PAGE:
HR will need to carefully analyze the market, potentially discuss with each candidate, and adjust the bonus system to ensure it is fit for each case.

5. Career and succession planning 

Employees stay longer in companies where they have real growth opportunities. That’s why career and succession planning are essential HR functions. Through it, you can guide employees in their careers, helping them use all their skills, and even learn new ones.

This benefits both the employees and the company. Internal hiring and succession planning can help save costs and improve productivity, performance, and retention.

6. Learning and development 

Learning and development is another essential HR function and often goes hand in hand with career planning. Helping employees upskill or reskill will not only benefit the individuals but the company as well. It helps it stay competitive and productive while attracting top talent.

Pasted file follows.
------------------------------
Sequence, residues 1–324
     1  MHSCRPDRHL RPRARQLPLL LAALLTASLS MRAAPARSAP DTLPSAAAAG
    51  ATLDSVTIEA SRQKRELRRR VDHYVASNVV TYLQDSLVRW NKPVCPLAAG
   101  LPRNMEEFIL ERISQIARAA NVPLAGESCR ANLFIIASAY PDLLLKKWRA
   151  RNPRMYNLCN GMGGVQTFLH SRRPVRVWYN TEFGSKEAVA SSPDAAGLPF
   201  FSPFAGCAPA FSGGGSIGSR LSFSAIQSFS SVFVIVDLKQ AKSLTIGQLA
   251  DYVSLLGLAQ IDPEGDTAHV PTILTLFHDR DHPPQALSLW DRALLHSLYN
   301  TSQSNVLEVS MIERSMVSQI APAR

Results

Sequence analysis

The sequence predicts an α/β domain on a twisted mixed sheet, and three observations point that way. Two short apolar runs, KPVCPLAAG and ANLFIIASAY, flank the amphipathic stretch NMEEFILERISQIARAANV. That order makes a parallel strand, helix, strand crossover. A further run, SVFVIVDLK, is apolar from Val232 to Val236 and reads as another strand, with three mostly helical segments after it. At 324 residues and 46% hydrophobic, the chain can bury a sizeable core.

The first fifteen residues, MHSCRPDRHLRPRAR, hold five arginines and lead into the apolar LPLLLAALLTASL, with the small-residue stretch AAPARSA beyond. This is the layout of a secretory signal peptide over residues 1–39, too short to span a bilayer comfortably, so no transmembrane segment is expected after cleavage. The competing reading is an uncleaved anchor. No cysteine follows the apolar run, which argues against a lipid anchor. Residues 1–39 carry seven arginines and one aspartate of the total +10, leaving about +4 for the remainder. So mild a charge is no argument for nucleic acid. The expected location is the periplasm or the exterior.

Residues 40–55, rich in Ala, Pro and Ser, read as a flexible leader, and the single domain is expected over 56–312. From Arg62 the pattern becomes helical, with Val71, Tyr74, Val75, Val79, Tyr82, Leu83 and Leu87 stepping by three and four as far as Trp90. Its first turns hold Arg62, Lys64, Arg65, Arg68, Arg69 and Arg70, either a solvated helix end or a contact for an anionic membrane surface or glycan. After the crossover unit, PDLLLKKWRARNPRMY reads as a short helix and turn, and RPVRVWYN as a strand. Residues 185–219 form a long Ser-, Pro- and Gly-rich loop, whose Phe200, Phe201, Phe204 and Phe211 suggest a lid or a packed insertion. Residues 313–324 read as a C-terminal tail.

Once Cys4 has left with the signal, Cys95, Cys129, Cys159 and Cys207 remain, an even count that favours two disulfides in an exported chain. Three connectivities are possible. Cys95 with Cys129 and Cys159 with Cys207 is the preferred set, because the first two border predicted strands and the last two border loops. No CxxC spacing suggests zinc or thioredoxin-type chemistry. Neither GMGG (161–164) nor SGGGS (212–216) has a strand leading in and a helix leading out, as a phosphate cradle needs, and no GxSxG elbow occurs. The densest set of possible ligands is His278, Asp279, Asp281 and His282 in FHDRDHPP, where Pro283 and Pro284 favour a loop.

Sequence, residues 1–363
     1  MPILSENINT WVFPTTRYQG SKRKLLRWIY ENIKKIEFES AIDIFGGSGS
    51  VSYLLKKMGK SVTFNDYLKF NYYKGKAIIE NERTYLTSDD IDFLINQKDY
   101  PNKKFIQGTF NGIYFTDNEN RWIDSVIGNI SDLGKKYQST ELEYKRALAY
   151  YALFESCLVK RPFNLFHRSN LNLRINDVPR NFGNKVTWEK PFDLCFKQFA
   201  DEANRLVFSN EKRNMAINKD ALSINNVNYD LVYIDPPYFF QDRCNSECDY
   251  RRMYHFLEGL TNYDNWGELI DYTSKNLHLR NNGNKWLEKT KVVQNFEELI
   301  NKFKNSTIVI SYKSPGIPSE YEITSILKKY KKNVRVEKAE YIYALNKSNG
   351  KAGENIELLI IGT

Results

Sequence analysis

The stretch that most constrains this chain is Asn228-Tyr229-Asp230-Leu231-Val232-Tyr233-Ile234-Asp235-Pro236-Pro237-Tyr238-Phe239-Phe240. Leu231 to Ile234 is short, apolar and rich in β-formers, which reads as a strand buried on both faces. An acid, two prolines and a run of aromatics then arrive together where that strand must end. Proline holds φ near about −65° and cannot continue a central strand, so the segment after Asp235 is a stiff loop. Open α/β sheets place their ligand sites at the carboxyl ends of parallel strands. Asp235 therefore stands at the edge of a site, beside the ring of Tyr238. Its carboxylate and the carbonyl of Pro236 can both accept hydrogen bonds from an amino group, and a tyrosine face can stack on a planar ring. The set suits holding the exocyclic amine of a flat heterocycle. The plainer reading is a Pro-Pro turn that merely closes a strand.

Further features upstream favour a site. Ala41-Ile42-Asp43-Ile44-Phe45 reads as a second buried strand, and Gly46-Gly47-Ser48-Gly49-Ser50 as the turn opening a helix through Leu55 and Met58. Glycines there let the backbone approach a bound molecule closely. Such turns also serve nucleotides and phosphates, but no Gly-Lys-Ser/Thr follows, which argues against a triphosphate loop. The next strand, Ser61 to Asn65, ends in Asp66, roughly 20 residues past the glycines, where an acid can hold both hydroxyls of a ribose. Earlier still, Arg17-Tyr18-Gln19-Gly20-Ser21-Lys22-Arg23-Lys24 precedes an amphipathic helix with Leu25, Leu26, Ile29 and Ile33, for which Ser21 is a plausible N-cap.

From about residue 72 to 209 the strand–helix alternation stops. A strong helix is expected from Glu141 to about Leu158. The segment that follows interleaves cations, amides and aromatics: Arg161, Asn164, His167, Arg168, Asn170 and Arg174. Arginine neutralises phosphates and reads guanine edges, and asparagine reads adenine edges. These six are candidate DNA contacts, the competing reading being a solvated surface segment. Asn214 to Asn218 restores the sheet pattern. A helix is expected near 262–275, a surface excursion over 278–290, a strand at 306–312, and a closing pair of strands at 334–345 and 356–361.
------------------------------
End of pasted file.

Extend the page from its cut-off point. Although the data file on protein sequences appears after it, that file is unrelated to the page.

When creating an L&D program, HR will need to consider market and individual needs. Most companies also have a set L&D budget, so HR will need to navigate that as well.

A critical part is creating programs that truly help employees. Making your civil engineer take a sales class will not help too much unless you know that employee wants to switch careers.

7. Workforce planning 

Creating a great workforce requires more than hiring a handful of people. Workforce planning is about knowing what kind of people you need, what skills you currently have and don’t have, respectively, and anticipating what skills and people you’ll need in the future.